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Friday March 7, 2014 MYT 10:45:00 AM
Friday March 7, 2014 MYT 11:05:05 AM
Fatima Bhutto in 2010 with a copy of her book, 'Songs of Blood And Sword'. – AFP
The Shadow Of The Crescent Moon is first attempt at fiction for Benazir’s niece.
FATIMA Bhutto, the niece of assassinated Pakistani former prime minister Benazir Bhutto, has been nominated for the Women’s Prize for Fiction, the judges announced on March 7.
Bhutto is among 20 women on the long list for the award, which was formerly known as the Orange prize and is open to English-language novels from anywhere in the world.
She is nominated for The Shadow of the Crescent Moon, her first attempt at fiction following several fact-based books, including a memoir of her family’s blood-soaked history.
Bhutto is a fierce critic of her charismatic aunt, who twice served as prime minister, claiming she was power hungry and “morally responsible” for the murder of her brother, Fatima’s father Murtaza Bhutto, in 1996.
The winner of the prize, which will be announced at the Royal Festival Hall in central London on June 4, receives £30,000 (about RM164,000) and a bronze known as a “Bessie”.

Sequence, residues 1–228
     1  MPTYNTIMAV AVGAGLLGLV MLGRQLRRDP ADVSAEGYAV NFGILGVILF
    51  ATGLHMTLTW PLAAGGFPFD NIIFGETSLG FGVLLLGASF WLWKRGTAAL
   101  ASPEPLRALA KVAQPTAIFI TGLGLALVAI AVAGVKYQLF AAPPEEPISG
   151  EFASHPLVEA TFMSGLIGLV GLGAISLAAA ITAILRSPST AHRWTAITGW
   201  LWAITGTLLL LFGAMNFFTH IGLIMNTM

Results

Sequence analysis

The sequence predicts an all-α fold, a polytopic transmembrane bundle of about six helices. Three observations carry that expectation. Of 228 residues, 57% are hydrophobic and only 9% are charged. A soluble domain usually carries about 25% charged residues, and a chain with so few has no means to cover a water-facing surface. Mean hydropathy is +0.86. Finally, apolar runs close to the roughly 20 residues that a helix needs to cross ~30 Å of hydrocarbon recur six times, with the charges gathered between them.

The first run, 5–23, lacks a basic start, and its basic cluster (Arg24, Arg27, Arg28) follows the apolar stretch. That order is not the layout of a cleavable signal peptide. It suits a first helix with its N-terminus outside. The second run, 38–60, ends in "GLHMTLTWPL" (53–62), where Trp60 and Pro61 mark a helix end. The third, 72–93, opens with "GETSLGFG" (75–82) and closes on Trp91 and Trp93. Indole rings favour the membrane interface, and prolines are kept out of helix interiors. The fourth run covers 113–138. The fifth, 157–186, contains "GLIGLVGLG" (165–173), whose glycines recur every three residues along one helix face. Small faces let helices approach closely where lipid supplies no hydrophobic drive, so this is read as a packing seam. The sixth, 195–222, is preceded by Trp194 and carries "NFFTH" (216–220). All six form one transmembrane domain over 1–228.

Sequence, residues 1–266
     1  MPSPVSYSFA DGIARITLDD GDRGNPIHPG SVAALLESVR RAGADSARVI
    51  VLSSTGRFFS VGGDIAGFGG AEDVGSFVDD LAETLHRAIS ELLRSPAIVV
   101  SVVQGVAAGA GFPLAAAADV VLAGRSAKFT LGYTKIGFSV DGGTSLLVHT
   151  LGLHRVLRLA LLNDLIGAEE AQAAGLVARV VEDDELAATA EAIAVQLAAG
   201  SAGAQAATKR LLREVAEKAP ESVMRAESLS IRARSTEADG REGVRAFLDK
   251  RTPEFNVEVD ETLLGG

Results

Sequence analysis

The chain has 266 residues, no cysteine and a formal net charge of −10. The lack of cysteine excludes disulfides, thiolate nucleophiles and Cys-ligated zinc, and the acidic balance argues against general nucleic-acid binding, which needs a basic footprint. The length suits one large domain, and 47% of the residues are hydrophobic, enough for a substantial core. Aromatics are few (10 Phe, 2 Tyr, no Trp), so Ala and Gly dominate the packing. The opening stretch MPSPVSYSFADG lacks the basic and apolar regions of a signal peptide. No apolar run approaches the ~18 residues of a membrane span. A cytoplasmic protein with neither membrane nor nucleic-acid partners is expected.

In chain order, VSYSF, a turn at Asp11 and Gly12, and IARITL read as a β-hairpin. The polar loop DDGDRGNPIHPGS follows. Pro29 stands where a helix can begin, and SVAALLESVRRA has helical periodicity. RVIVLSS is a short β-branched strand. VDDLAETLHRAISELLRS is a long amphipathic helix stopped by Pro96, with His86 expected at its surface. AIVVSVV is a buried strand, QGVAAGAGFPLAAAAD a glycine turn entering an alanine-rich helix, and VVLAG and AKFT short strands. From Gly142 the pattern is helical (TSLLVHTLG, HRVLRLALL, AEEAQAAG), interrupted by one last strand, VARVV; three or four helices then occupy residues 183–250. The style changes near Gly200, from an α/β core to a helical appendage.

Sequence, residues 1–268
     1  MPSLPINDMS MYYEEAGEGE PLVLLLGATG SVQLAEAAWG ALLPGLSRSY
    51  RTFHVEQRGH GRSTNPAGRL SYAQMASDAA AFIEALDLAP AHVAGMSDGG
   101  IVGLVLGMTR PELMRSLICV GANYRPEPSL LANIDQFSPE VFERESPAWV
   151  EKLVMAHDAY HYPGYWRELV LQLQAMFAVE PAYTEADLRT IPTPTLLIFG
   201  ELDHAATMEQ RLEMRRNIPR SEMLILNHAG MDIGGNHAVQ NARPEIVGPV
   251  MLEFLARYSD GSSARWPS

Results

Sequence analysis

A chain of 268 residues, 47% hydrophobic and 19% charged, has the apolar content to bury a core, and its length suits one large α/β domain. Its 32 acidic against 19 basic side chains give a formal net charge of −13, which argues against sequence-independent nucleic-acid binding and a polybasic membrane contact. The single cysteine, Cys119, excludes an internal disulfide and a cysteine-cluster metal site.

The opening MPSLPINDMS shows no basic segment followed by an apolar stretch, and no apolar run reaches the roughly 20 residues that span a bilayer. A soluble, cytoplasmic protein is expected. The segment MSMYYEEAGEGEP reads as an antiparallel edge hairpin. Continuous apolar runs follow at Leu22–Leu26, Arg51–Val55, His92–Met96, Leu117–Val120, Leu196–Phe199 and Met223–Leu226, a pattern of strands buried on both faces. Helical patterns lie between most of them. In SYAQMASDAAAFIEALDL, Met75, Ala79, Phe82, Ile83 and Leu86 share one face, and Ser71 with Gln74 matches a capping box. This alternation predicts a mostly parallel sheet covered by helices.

Other nominees for the 19th annual award include The Luminaries by New Zealand author Eleanor Catton, which won the 2013 Booker Prize.
Australia’s Hannah Kent is nominated for Burial Rites, while Indian-American Jhumpa Lahiri is long-listed for The Lowland.
Penguin Books UK’s managing director Helen Fraser chairs the five-woman judging panel, which will announce the short list on April 7.
“This is a fantastic selection of books of the highest quality – intensely readable, gripping, intelligent and surprising – that you would want to press on your friends,” she said.
Former winners Chimamanda Ngozi Adichie (2007) of Nigeria and Suzanne Berne (1999) of the United States are on the long list, which also contains six debut novels.
The other long-listed authors are from Britain, Canada, Ireland and Pakistan.
US writer A. M. Holmes won last year’s prize with May We Be Forgiven. – AFP
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